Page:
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Researcher of CSIRO develops “heat resistant” coral to fight bleaching 

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Heat resistant corals to fight bleachingA team of scientists of CSIRO (Commonwealth Scientific and Industrial Research Organisation )and Australia’s national science agency, the Australian Institute of Marine Science (AIMS) and the University of Melbourne successfully discovered corals with increased heat tolerance which has potential to reduce the impacts of coral reef bleaching due to climatic change.

Key Points:

i.The climatic changes have resulted in decreasing coral cover and under increasing pressure as water temperature rises and the frequency and severity of coral bleaching events on the surviving corals.

ii.Bolstering the heat tolerance of its microalgal symbionts, the tiny cells of algae that live inside the coral tissues, the team made the coral more tolerant to the temperature induced leaching.

iii.This approach will strengthen the heat resistance of the coral reef by manipulating the microalgae, the key factor of the coral’s heat tolerance.

iv.Using the “direct evolution” technique the team isolates the microalgae from the coral and culture them in a specialist symbiont lab at the AIMS and expose them to the increasingly warmer temperature for a period of 4 years which will help them to adapt and survive in the hotter condition.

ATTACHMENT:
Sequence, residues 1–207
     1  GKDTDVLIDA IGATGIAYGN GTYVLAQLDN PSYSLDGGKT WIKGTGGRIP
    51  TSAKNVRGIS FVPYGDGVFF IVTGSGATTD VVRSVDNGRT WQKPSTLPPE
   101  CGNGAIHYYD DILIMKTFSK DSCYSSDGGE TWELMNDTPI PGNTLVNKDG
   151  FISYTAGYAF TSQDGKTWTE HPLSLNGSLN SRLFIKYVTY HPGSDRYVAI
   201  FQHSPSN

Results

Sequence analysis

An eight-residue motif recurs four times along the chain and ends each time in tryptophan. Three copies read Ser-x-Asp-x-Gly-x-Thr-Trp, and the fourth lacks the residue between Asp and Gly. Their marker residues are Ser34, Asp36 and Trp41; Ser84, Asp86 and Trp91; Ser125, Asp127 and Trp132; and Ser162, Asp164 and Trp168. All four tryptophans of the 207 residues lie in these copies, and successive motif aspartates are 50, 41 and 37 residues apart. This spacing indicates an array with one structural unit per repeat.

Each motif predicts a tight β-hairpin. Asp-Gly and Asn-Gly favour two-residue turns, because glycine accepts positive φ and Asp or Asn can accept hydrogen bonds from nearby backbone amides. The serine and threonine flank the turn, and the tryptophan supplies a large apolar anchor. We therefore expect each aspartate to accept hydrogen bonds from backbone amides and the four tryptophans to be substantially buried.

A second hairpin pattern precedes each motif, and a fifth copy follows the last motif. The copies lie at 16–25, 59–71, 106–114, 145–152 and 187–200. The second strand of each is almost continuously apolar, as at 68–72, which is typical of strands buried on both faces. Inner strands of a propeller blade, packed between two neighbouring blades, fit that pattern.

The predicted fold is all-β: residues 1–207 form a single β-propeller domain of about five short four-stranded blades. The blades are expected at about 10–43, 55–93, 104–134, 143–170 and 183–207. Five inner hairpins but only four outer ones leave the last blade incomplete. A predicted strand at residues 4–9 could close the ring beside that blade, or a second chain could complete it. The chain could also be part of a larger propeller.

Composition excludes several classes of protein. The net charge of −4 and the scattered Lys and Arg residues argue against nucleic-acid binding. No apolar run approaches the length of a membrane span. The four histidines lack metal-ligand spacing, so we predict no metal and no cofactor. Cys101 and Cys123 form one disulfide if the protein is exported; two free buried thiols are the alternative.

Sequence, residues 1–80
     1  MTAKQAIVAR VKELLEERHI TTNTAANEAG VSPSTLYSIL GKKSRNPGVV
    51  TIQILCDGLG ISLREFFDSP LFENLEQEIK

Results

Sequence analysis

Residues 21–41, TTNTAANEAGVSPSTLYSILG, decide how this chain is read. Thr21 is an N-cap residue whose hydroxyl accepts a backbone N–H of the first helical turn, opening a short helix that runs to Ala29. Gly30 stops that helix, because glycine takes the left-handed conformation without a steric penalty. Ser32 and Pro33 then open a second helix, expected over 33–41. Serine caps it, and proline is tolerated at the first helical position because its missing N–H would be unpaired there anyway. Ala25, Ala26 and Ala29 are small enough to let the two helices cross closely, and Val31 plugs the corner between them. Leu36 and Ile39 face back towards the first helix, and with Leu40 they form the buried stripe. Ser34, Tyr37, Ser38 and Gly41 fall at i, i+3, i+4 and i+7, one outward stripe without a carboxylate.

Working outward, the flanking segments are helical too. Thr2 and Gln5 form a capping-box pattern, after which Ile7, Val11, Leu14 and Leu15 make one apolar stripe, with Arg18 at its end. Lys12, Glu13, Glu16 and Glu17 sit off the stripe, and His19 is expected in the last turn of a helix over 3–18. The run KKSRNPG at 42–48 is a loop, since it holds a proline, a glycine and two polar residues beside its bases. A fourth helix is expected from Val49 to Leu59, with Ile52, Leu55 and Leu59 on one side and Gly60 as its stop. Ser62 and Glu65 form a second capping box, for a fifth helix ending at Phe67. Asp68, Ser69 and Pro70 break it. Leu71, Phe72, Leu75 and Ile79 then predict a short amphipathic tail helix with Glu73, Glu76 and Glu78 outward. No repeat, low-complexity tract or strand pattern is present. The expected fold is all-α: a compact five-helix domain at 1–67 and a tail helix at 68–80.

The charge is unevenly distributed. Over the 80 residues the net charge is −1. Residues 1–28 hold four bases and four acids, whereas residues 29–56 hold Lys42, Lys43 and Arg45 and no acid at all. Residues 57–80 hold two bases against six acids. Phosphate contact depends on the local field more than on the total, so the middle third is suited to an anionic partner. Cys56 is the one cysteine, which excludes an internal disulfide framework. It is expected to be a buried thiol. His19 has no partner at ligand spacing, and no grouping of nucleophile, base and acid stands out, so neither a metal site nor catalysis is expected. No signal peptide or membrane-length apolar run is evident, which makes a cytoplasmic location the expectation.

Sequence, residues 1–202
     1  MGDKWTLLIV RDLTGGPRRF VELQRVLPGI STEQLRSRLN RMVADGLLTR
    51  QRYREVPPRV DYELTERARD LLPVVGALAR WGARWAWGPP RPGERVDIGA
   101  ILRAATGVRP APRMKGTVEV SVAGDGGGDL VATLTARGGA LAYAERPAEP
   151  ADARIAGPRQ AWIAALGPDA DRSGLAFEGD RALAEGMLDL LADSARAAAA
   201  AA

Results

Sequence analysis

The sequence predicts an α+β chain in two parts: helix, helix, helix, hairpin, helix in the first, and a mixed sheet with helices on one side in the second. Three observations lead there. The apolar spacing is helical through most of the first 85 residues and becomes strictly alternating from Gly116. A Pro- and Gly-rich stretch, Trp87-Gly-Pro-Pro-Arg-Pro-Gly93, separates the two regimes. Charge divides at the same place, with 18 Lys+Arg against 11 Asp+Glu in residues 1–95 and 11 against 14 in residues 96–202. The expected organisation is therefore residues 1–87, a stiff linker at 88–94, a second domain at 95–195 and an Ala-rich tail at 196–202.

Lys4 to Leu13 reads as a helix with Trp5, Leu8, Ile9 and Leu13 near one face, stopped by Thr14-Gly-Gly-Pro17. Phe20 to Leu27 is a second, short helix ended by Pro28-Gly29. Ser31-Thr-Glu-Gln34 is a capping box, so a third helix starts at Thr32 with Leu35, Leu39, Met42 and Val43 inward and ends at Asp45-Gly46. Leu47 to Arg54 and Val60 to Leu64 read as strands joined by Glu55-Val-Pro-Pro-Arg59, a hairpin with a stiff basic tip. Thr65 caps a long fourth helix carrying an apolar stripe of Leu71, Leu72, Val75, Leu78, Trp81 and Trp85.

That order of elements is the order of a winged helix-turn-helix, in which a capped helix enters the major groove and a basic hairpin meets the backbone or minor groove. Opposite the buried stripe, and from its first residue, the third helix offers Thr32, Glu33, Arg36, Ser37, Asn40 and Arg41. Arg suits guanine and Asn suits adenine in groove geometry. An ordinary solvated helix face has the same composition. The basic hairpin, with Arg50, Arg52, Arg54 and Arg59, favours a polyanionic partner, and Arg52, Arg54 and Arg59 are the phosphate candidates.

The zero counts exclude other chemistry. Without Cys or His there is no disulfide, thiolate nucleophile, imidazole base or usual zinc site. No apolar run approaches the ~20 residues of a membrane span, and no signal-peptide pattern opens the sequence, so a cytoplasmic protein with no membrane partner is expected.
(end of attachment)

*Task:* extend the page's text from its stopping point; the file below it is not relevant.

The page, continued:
v.Microalgae are reintroduced into the coral larvae, the symbiosis of the newly established coral-algae are more tolerant to the heat compared to the original.

vi.The exposed temperatures are similar to the temperature of the ocean  during the current simmer marine heat waves which causes coral bleaching on the Great Barrier Reef.

vii.The findings of this research are

  1. The microalgae and the coral are in direct communication
  2. Some mechanisms responsible for the enhanced coral bleaching tolerance
  3. The heat tolerant microalgae are better at photosynthesis and improve the heat response of the coral animal.

viii.The research was funded by the CSIRO, Paul G. Allen Family Foundation (USA), AIMS and the University of Melbourne.

ix.The algal strain in adult colonies across a range of coral species is the next stage of the research.

About CSIRO:
Chairman- David Thodey AO
Deputy Chairperson- Shirley In’t Veld
Chief Executive- Larry Marshall
Founded- 1916
Headquarters- Australia